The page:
When we consider our own families, few if any of us would totally identify with the ideal we just described. In fact, it’s more likely that most of us would point out our family’s weaknesses and faults and firmly assert that there’s no way we will ever reach the ideal. Some— perhaps “burned” by their own damaging experience—would even be bitter or cynical in response to this description of the ideal.
But we suggest that you seriously examine your expectations in this area, and as you do, that you consider three things:
First, whatever our family situation, “ideal” does not mean “without challenge.” By its very nature, family life is filled with challenge. After 35 years of struggling with health challenges, economic challenges, and the daily scraped knee bandaging, runny nose wiping, teenage trauma solving, and deadline-meeting problems of daily life, we know even the best of family life has its challenges!
One of the great benefits of family life is the incomparable inter- dependence and strength of character that come as a result of working through the challenges together. In fact, our ability to see the “ideal” as strength to handle the challenge—rather than the absence of challenge—is what gives birth to the thoughts and actions that create the enduring family strength implied in the ideal.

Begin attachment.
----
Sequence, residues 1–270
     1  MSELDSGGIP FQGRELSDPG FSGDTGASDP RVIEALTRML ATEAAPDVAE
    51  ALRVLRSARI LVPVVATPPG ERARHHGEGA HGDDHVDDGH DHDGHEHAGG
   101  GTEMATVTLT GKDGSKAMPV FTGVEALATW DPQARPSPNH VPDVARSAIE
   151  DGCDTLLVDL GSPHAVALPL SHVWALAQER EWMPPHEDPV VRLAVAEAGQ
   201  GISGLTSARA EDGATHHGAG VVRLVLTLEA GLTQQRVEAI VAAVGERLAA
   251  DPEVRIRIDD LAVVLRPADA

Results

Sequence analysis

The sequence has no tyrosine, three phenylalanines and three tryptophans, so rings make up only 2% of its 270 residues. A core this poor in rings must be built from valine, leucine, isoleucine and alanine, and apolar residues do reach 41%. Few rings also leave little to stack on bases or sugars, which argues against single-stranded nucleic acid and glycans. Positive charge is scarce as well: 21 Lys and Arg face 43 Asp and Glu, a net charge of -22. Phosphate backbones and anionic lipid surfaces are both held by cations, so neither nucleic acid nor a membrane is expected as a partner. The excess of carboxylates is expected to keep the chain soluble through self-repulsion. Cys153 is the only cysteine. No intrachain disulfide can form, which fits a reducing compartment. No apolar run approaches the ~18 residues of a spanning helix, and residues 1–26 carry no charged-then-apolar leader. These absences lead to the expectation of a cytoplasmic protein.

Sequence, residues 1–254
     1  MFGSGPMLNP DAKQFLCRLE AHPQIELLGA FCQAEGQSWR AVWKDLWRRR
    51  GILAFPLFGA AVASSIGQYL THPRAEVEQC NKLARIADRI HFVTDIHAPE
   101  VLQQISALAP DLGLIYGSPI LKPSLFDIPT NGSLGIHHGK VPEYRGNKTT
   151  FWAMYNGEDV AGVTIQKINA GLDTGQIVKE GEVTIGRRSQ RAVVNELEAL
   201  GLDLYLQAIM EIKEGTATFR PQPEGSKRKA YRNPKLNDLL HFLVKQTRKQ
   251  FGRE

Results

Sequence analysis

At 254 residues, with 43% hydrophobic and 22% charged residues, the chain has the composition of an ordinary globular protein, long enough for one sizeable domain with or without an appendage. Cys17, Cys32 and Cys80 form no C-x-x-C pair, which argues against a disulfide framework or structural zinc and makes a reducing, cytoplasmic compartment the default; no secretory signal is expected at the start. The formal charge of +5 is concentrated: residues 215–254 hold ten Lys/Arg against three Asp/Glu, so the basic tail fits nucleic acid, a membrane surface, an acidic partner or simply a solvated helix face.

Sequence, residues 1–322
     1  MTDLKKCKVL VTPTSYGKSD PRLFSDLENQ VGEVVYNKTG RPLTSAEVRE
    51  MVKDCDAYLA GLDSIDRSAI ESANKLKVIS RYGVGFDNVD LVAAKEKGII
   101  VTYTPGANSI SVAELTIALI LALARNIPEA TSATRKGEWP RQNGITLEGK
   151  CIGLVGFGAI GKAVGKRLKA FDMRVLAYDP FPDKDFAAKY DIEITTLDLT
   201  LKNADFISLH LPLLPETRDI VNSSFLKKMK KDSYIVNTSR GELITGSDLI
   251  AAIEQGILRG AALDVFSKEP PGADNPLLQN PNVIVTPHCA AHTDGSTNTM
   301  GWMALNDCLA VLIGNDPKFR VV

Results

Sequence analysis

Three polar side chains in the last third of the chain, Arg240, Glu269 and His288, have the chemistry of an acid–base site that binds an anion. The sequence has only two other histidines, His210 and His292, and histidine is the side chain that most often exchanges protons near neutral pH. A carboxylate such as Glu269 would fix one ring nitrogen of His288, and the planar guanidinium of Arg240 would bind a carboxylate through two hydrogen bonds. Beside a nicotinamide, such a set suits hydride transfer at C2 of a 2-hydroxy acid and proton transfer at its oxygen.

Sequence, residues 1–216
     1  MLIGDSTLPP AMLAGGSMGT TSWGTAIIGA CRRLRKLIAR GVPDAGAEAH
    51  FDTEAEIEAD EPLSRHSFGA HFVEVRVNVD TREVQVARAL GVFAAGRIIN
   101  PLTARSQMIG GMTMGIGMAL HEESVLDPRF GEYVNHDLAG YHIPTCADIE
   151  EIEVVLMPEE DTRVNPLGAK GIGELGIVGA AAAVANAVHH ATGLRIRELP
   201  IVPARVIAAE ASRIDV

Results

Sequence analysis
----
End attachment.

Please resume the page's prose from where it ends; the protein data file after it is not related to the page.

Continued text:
Second, even the ideal family life is a saga of “becoming.” The birth and growth of a child is the perfect metaphor for the birth and growth of a family. There are awkward stages, times of learning to walk and falling down, times of learning to meet needs and interact with others in meaningful ways. There’s no such thing as a “perfect” family. There’s a growing family, a learning family, a becoming family. And the direction in which you’re headed as a family is far more important than wherever you happen to be at any given time because, over time, the direction will make all the difference!
Third, whatever your own experience may have been, can you honestly imagine anything that could have a greater impact on the happiness of the people in your family now and the happiness of future generations than to nurture them in the principles of joyful family living? Even if your own situation is far from the ideal . . . even if you were married to an abusive spouse . . . even if you have children who have gone far astray . . . even if you have a legacy of alcoholism, trouble with your in-laws, or a history of choices you’d rather not have made—still, is there anything that would be of greater benefit to your children than to embrace and teach the principles of the ideal family?
There is no greater legacy you could pass on than to prepare your children to fulfill their own family roles with excellence and joy. And what could be more meaningful than transforming your own negative experiences and heritage of dysfunction from a stumbling block into a stepping-stone, a foundation upon which more solid families of the future can be built?